An Investigation of Violence against Teachers in Turkey

By Ozdemir, Soner Mehmet | Journal of Instructional Psychology, March 2012 | Go to article overview

An Investigation of Violence against Teachers in Turkey


Ozdemir, Soner Mehmet, Journal of Instructional Psychology


This study seeks to investigate violence against teachers. A total of 902 teachers working at the elementary schools and at secondary schools located in the center of Kirikkale, Turkey were enrolled in the study. Data were gathered by an instrument designed by the researcher and aiming to measure violence against teachers. Analyses included descriptive statistics and the Chi-Square Test of Independence. The results of the study revealed that teachers often experienced emotional (24.1%), followed by verbal (14.7%), physical (6.3%) and sexual (4.6%) violence. The results also indicated that male teachers were exposed to physical violence while female teachers were mostly facing verbal and emotional violence. Besides, it has been found that secondary school teachers were experienced violence acts more than elementary school teachers do.

Key Words: Violence, elementary and secondary students, violence against teachers

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Today violence has turned into a serious social problem and expanded to affect educational institutions and staff, too. In a general sense, violence may be defined as a forceful act, or behaviors such as assault, physical force, physical or psychological abuse or torture, hitting or injury (Koknel, 1996). According to the definition by the World Health Organization (WHO), violence is "the intentional use of physical force or power, threatened or actual, against oneself, another person, or against a group or community, that either results in or has a high likelihood of resulting in injury, death, psychological harm, maldevelopment or deprivation" (Krug, Dahlberg, Mercy, Zwi & Lozano, 2002). Violence should not be seen as mere acts causing physical injury or death. Indeed, violence may also leave permanent psychological damages in individuals or the society. Studied from a formal perspective, violence is associated with many physical, emotional-psychological, verbal, sexual and economic behaviors (Atman, 2003).

School Violence

Aggressive behavior and violence in schools affect the educational efforts negatively. It also jeopardize the students' need of a safe learning place (Ogulmus, 1995). Aggressive behaviors and violence in and around the schools not only affect students' and school staff's feeling of being safe but also affects the quality of educational outcomes. Violence acts in schools, especially in high schools, have become one of the crucial social problems during last decades. Newspapers and TV programs report hundreds of violent acts which affect both students and teachers every academic year. Amsler and Sadella (1987) noted that while the most common discipline problems of fifty years ago were running in halls, talking out of turn, and chewing gum, today's problems include physical and verbal violence, incivility, and in some schools, drug abuse, robbery, assault and murder. As a result, many school teachers spend an inordinate amount of time and energy managing classroom conflicts (As cited in Johnson and Johnson, 1995). According to Astor and Meyer (2001), school violence covers a wide array of intentional or reckless physical and psychological behaviors, which range from murder, the presence of weapons, sexual harassment, school fighting, bullying, verbal threats and intimidation, corporal punishment, gang violence, rape, hate crimes, vandalism, verbal or physical harassment on the way to and from school and dating violence.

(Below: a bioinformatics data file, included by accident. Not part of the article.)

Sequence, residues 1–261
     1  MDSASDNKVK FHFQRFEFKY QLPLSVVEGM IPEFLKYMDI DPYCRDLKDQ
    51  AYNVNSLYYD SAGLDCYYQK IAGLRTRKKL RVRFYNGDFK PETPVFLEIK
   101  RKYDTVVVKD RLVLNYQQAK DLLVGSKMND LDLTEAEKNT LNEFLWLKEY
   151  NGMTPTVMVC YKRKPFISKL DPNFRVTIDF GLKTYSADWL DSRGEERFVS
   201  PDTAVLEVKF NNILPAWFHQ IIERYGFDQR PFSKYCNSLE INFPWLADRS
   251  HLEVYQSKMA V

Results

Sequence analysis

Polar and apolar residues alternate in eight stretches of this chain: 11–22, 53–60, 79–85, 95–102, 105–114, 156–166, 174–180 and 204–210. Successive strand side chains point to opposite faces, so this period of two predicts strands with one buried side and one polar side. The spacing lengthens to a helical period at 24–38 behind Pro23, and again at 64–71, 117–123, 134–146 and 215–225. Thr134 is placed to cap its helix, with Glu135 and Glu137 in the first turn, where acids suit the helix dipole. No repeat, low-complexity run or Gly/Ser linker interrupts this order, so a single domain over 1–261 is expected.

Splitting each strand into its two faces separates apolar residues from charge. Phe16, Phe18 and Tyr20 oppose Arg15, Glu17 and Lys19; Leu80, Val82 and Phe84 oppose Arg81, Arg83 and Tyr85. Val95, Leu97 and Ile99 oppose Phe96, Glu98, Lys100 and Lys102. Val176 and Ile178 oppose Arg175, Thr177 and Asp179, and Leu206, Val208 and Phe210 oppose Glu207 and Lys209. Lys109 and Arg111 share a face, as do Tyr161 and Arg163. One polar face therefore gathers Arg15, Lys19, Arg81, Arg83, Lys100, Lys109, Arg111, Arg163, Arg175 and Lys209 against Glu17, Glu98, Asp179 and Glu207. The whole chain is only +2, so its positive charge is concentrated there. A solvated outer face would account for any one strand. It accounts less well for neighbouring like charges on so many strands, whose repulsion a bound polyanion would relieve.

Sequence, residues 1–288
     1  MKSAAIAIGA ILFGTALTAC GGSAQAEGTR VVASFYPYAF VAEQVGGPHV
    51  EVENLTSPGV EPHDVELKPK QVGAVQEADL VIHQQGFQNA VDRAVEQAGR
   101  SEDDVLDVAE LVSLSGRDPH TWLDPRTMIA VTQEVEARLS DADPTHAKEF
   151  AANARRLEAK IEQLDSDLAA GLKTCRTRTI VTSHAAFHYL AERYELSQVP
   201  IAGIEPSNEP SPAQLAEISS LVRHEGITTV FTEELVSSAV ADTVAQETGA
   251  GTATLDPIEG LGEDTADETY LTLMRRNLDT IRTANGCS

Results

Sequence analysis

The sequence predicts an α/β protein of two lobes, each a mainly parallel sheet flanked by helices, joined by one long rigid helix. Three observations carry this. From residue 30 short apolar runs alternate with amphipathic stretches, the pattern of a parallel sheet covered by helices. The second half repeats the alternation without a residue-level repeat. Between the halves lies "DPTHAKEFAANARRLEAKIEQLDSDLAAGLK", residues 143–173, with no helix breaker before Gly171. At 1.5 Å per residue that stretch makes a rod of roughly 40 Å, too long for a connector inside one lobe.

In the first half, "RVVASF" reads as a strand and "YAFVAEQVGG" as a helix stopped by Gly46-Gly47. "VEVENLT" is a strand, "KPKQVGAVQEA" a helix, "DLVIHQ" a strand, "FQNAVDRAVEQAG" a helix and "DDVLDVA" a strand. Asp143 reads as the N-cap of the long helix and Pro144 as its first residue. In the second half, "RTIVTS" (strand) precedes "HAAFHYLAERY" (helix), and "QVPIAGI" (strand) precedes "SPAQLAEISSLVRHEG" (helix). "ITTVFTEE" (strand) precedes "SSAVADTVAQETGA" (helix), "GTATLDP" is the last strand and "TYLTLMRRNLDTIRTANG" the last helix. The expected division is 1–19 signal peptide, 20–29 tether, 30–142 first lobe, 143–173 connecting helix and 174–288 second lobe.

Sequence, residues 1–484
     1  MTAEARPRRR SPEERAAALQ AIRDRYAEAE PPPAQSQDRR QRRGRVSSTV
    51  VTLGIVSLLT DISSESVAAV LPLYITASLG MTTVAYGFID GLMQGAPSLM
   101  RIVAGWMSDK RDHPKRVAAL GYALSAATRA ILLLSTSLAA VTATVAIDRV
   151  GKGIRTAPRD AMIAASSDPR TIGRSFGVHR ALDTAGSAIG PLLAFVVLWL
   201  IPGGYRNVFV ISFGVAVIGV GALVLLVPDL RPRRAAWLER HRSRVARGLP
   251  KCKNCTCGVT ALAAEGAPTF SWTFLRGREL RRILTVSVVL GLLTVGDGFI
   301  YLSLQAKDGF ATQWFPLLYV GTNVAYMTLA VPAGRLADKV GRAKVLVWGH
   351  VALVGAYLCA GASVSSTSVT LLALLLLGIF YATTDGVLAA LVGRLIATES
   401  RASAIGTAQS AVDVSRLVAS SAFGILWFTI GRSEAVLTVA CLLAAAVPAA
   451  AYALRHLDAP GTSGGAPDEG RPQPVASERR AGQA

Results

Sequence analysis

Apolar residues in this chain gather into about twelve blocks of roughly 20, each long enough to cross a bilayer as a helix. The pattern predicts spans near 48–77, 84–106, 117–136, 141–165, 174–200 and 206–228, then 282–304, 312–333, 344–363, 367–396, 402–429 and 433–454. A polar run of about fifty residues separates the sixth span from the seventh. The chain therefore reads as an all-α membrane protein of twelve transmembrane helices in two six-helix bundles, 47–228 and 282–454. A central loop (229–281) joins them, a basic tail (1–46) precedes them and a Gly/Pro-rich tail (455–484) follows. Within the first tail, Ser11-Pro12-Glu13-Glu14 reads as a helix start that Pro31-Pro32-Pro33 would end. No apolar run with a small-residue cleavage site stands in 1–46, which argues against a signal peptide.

Serious acts of school violence are endemic throughout the world. This is evident from news reports which appear in the print media, as well as studies conducted by various institutions and researchers .According to the findings of these studies (Chen& Astor, 2009; Cinkir & Kepenekci, 2003; Egitim-Sen, 2006; Kapici, 2004; Nolle, Guerino & Dinkes, 2007; Turk-Egitim Sen, 2004; Yavuzer, Gundogdu & Dikici, 2009; Zeira, Astor & Benbenishty, 2003), examples of the serious acts of violence experienced in and around schools by teachers and school staff were "armed or unarmed threats, homicide, injuries, jostling, swearing or using bad words, teasing, name-calling, excluding from the group, racist-ethnic tensions, theft of personal belongings, sexual harassment, carrying sharp objects, and alcohol and substance use". …

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